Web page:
Posted by: Qing Xu on December 22, 2016
40G and 100G Ethernet technology is no longer a pipe dream for data centers – it’s reality. As data centers of all types continue to grow in terms of traffic and size, 100G is set to become the new standard for high bandwidth and intelligent architecture. It will take some time to spread industry-wide, but 100G is well on its way.
During the initial development of 40G and 100G Ethernet, the IEEE 802.3 Ethernet working group considered only multimode optics and multimode fiber cable solutions (with a reach of up to 150m for 40G and 100m for 100G) for data center applications.
IEEE 40G and 100G singlemode fiber solutions have been developed for a reach of 10km to 40km in metropolitan area networks; however, these options are often far too expensive for data centers. Especially for 100G Ethernet technology deployment in data centers, there was a huge gap between the 100m (multimode fiber) and 10km (singlemode fiber) reaches. Hyperscale data centers need cost-effective solutions for 500m and low-cost CWDM-based 2km reach. Because high-volume physical medium dependent sublayers (PMDs) – which define the details of transmission and reception of individual bits on a physical medium – are missing in the IEEE Ethernet technology standard, non-standard MSA PMDs have filled the gap:
According to LightCounting market reach, this year, more than 60% of 40G PMD shipments, and more than 35% of 100G PMD shipments, are from non-standard PMDs.
In 2014 and 2016, IEEE 802.3 formed 802.3bs (200G and 400G) and 802.3cd (50G, 100G and 200G) taskforces for next-generation Ethernet technology development; many of the data-center-oriented PMDs have become the main focus of these taskforces. Their new objectives are to develop the following solutions to support cost-effective data center interconnects:
Industry consortiums, such as the 25G Ethernet Consortium, 100G CWDM4 MSA, 100G CLR4 Alliance, 100G PSM4 MSA and OpenOptics MSA, have paved the way for fast 25G and 100G Ethernet technology development outside the IEEE 802.3 Ethernet working group.
Along with the IEEE 802.3cd and 802.3bs working groups, many new industry consortiums have formed to work on developing next-generation 200G and 400G Ethernet technology interfaces and form factors, including 400G CDFP MSA, 400G CFP8, 200G/400G QSFP-Double Density MSA and 400G OSFP MSA.
To develop the application-driven technologies not addressed in the IEEE 802.3 working group objectives, many new industry alliances were founded. For example, the SWDM4 Alliance was formed to develop specifications for short wavelength-division multiplexing (SWDM) in multimode fiber for 40G and 100G applications. 4WDM MSA defines specifications for low-cost, low-power 100G (4× 25G) transceivers with 10km, 20km and 40km reach.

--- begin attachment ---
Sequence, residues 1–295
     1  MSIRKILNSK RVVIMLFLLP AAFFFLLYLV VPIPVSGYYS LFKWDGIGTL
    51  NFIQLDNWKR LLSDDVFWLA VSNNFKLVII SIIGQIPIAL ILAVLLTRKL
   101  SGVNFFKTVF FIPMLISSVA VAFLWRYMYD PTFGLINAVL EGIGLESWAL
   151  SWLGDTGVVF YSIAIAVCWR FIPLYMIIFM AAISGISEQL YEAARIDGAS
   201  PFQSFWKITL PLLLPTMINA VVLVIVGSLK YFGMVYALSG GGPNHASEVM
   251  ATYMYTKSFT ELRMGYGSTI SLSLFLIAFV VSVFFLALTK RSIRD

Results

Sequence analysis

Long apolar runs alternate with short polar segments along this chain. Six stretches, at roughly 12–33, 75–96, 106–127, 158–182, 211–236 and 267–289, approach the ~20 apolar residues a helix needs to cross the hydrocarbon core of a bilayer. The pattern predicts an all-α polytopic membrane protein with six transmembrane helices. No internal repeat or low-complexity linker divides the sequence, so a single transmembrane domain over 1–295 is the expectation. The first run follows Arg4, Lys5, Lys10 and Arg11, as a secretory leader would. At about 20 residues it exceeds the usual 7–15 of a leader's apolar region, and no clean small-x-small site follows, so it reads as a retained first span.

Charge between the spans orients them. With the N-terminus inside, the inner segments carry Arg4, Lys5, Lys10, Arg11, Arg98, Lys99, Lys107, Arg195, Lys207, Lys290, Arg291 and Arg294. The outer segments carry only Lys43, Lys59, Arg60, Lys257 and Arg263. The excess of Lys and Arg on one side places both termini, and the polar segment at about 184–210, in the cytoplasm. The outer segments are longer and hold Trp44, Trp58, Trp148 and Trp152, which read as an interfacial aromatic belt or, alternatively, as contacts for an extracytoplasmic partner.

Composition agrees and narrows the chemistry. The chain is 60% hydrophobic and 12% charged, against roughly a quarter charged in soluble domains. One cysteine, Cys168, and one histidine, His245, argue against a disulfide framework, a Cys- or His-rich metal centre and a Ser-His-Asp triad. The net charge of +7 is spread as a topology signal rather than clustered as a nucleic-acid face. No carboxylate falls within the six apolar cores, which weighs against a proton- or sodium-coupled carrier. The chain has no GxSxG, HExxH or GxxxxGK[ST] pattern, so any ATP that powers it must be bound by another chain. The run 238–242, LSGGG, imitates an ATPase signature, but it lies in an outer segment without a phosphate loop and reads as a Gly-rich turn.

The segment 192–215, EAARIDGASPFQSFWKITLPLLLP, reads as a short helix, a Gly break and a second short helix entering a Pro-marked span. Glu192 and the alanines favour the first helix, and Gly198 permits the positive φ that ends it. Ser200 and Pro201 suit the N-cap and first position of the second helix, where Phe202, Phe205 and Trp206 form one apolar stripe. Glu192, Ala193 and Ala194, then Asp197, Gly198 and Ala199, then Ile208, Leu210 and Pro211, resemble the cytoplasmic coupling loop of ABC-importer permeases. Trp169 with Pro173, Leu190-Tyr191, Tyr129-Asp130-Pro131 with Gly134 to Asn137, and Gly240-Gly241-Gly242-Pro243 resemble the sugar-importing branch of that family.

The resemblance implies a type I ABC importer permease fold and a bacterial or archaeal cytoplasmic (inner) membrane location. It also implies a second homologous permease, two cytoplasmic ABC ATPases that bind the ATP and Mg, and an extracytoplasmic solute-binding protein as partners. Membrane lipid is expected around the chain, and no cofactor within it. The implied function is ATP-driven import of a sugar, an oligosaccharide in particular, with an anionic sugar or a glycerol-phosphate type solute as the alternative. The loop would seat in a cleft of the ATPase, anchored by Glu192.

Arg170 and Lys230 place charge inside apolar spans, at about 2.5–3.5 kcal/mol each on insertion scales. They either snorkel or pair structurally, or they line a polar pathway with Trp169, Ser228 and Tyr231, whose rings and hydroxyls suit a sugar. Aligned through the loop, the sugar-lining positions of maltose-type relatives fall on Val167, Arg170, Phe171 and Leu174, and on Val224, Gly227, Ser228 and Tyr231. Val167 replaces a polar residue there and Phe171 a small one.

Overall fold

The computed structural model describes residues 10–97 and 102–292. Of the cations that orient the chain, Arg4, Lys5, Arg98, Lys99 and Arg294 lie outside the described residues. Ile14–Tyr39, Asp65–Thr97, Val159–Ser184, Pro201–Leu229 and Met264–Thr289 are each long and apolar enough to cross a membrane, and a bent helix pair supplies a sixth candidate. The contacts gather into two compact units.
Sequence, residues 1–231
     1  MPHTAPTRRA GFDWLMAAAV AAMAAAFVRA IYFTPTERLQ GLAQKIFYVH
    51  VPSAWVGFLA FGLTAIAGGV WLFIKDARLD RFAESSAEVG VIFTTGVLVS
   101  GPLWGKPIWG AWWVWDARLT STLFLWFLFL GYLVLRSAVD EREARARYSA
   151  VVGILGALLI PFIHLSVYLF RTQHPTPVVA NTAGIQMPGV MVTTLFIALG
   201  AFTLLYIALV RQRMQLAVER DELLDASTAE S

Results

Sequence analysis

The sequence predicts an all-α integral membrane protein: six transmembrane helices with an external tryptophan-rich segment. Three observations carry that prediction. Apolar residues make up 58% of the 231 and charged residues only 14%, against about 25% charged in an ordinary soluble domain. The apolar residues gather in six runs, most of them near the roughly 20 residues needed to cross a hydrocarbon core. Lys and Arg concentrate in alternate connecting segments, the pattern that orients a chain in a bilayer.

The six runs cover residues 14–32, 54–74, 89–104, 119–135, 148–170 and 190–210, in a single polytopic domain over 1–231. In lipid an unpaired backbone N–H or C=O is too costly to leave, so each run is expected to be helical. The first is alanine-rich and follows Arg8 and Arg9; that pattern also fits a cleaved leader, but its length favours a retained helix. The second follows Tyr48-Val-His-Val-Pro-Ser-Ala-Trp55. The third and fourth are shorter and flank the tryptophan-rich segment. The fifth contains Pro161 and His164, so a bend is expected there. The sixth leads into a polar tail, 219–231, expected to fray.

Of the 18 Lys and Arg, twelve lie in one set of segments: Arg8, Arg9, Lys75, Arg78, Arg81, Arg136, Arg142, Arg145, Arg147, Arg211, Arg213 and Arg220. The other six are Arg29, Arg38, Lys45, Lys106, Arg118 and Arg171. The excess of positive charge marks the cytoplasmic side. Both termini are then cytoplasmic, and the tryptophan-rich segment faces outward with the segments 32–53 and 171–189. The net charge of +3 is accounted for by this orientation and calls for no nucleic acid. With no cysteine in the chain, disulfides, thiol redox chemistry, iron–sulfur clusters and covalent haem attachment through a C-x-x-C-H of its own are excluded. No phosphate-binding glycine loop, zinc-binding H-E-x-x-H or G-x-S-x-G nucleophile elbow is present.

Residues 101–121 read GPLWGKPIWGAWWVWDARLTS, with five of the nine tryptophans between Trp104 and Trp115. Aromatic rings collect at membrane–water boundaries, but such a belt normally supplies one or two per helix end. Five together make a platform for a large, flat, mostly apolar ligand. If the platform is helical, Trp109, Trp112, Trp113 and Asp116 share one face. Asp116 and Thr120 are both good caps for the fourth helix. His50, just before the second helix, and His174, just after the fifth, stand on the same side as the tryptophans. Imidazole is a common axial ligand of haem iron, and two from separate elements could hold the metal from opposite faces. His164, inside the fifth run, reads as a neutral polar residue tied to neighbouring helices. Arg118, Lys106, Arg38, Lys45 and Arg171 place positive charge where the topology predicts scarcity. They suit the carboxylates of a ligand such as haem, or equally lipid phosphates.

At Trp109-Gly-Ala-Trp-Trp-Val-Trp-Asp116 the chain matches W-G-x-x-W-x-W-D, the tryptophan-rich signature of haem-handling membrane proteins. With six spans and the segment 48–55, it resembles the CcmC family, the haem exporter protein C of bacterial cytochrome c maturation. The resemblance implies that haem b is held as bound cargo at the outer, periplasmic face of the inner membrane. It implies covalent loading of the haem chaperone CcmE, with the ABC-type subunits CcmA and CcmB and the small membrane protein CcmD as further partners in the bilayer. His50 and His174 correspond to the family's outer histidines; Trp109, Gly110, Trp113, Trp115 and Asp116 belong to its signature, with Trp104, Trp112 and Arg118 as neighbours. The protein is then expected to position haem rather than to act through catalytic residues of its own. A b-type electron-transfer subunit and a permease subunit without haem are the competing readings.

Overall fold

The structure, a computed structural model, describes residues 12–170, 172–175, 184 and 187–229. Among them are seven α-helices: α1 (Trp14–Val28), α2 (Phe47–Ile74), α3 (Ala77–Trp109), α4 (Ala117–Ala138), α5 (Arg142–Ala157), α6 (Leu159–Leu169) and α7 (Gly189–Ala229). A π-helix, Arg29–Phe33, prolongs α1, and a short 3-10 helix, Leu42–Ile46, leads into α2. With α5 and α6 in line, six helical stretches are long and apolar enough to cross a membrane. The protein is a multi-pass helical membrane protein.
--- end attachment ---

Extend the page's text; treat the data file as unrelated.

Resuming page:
As speed and port density become bottlenecked, the Consortium for On-Board Optics was formed to define specifications for next-generation on-board optics solutions as an alternative to current dominant-edge pluggable optics.
The data center ecosystem has evolved so quickly that it has become a fragmented market. For example, hyperscale data centers have different technology preferences and migration paths to suit their own applications and expansion plans. This will accelerate technology development and benefit the rest of the market in product availability for different market segments.
To better understand the Ethernet roadmap, we must keep in mind that connectivity technology has always been developed to support switch ASICs (application-specific integrated circuits); switch ASIC bandwidth is driven by applications.
Moving beyond 25G-per-lane speed, the switch ASICs in BGA (ball grid array) packages will require eventual migration to higher electrical lane speeds to support higher bandwidth; switch ASIC connectivity is mainly limited by the serializer-deserializer (SerDes) I/O.
The industry recognizes the value of leveraging common technology developments across multiple applications by implementing multiple lane configurations, such as 50G in single lane, 100G in two lanes and 200G in four lanes.
For example, the QSFP double-density (QSFP-DD) form factor will be developed to support 200G and 400G Ethernet technology applications with eight parallel electrical lanes; µQSFP is another MSA form factor under development to support ~4× the lane density of SFP in a similar form factor.
Next-generation Ethernet form factors (Source: Ethernet Alliance)
On-board optics (Source: Avago/Broadcom)
Another exciting technology development involves on-board-optics (OBO) that allow placement of optical modules very close to switch ASIC I/O; this eases signal integrity issues and considerably improves switch faceplate density. OBO specifications are under development by the Consortium for On-Board Optics (COBO), which will allow attaching high-density MPO connectors directly at the faceplate. For example, with 50G-per-lane technology, a 32-port switch with an MPO-12 (Base-8) interface can support a bandwidth of 6.4 Tbps with a single wavelength, or 25.6 Tbps with four wavelengths per fiber.
If your organization is planning next-generation Ethernet technology deployment and has unanswered questions, contact Belden. Our data center experts can help you prepare for 40G, 100G and beyond.